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Thread: unless being born and raised in Hinduism?

  1. #1
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    unless being born and raised in Hinduism?

    It seems that one will be mostly standing outside looking in unless they are born and raised in Hinduism...and even with those that are it would seem that a great many lifetimes of study and practice would be needed to get a good understanding of it vastness...(per the Vedas, it's very long and complex history, culture and present forms of manifestation related to human affairs) Granted many outsiders can appreciate the basic teachings and guru's of the various sects, and also the traditions and culture but that does not mean their mind, heart and soul are wired, so to speak as a worshiping Hindu. Many westerners like myself who are wired differently can not make a full adjustment to Hinduism, I also find it sad that many Hindus are making to big of an adjustment towards western ways and thus compromising or weakening their religion.

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    Re: unless being born and raised in Hinduism?

    Namaste,

    Dilution of Hinduism by Hindus in the West because of social and financial pressures or out of sheer ignorance is sad and some day maybe they will see it and turn the tide.

    Many people born outside of Hinduism, when introduced to it, become overwhelmed and bewildered. They want to become familiar with each sect and scripture and some even go to the trouble of learning Sanskrit - language of the Gods - in order to be able to read the scriptures in their original form. There is no need for that. One does not have to learn the Lilas of each and every deity and about His place in the grand family of celestial beings to start the spiritual ascent. The magic of crossing the threshold to become an insider rather than being an outsider looking in is to practice with devotion. With time one may or may not become familiar with the intricate relationships between various deities and the social and cultural aspects of the Hindu community, but one should not put the practice of spirituality on hold while doing the mundane research.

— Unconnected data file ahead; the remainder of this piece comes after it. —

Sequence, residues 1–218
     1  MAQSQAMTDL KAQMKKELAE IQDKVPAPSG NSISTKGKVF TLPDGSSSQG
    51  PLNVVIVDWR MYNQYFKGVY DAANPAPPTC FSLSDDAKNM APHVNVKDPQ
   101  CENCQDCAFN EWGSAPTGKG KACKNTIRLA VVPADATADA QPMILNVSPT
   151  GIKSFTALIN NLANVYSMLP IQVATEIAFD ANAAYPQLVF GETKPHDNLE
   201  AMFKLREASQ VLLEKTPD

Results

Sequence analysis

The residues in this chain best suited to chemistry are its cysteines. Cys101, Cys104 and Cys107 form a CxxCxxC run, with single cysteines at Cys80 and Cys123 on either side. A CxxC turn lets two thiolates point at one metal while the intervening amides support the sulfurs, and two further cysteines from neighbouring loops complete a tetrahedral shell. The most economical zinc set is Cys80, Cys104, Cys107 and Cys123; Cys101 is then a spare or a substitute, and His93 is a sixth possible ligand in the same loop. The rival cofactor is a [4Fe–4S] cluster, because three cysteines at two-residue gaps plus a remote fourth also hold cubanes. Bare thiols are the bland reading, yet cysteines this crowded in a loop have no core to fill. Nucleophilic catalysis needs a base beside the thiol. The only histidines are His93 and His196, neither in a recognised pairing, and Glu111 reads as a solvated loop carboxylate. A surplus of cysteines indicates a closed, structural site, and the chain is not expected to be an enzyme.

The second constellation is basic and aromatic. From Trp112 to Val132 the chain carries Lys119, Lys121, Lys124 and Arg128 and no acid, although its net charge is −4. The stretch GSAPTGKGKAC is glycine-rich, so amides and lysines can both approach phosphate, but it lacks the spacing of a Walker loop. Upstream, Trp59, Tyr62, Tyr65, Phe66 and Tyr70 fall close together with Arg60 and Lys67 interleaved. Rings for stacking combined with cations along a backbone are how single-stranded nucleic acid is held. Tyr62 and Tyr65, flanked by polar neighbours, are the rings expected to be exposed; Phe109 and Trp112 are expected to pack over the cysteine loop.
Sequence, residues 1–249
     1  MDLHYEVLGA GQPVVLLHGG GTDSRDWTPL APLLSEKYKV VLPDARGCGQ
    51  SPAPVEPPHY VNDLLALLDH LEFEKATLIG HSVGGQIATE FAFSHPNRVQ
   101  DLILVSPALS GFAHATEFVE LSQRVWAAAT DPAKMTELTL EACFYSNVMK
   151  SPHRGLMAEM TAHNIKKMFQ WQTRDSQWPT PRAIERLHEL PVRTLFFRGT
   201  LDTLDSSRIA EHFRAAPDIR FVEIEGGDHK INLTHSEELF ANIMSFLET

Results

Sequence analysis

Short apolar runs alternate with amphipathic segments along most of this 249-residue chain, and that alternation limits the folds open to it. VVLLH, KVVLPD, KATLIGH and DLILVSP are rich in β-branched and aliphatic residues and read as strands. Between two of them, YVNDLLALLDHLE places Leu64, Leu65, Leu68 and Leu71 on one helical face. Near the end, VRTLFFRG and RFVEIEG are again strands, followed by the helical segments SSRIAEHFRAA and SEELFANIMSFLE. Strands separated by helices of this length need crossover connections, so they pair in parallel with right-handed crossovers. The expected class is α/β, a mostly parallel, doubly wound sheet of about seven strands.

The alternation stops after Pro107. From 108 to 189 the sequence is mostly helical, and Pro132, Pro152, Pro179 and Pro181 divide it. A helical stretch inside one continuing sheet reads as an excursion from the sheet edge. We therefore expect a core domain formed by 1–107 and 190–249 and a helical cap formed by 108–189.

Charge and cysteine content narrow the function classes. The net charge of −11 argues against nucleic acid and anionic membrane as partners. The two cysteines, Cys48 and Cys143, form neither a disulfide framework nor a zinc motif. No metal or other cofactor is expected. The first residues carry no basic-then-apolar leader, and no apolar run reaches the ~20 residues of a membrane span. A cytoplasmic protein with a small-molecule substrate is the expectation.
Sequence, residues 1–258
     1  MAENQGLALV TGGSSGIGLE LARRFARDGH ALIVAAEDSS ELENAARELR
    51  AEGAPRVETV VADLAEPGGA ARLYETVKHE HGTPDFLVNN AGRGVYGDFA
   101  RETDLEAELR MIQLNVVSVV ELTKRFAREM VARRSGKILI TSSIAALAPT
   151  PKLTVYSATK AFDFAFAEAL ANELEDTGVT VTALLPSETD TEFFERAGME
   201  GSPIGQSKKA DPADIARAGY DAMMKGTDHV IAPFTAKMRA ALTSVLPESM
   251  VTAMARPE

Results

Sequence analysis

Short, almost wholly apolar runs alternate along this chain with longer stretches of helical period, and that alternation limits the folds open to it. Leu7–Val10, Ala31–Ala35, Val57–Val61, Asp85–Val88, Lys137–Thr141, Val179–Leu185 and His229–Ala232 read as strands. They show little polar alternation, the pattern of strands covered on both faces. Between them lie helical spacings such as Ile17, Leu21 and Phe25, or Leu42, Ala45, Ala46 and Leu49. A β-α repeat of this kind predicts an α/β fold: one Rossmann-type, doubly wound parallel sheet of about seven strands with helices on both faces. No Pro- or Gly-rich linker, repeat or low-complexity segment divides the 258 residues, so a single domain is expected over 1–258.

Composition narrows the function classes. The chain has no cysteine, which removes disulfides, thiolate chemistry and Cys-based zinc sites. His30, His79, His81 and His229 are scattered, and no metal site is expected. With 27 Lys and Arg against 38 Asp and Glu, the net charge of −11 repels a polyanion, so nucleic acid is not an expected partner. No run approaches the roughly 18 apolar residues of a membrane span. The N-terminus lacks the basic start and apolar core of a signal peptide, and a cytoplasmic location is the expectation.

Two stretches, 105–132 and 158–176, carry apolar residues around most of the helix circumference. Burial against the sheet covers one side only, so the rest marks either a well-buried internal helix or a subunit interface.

Various swamis reached the pinnacle of awareness in one lifetime. An outsider could do it all in one lifetime too, if there is devotion in practice. Don't merely be an eternal student of various sects and traditions and deities. Stay focused on the essence and practice it.

    Pranam.
    Last edited by Believer; 18 December 2018 at 05:37 PM. Reason: Improved readability.

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    Re: unless being born and raised in Hinduism?

    Well said Believer, thank you.

    I do believe that after many lifetimes a person may then put all of those lifetimes together into a present lifetime of attainment. I also feel that the practice of devotion or devoted practice goes along with other aspects of life on the way. I say that because of or in the context of being devoted to a being or god projected outside oneself can be problematic, for instance the upanishads do not point to a goal of a god outside the "Self", other than they too are that which springs from the Self.

    Om Tat Sat

  4. #4

    Re: unless being born and raised in Hinduism?

    Very wise words, Believer!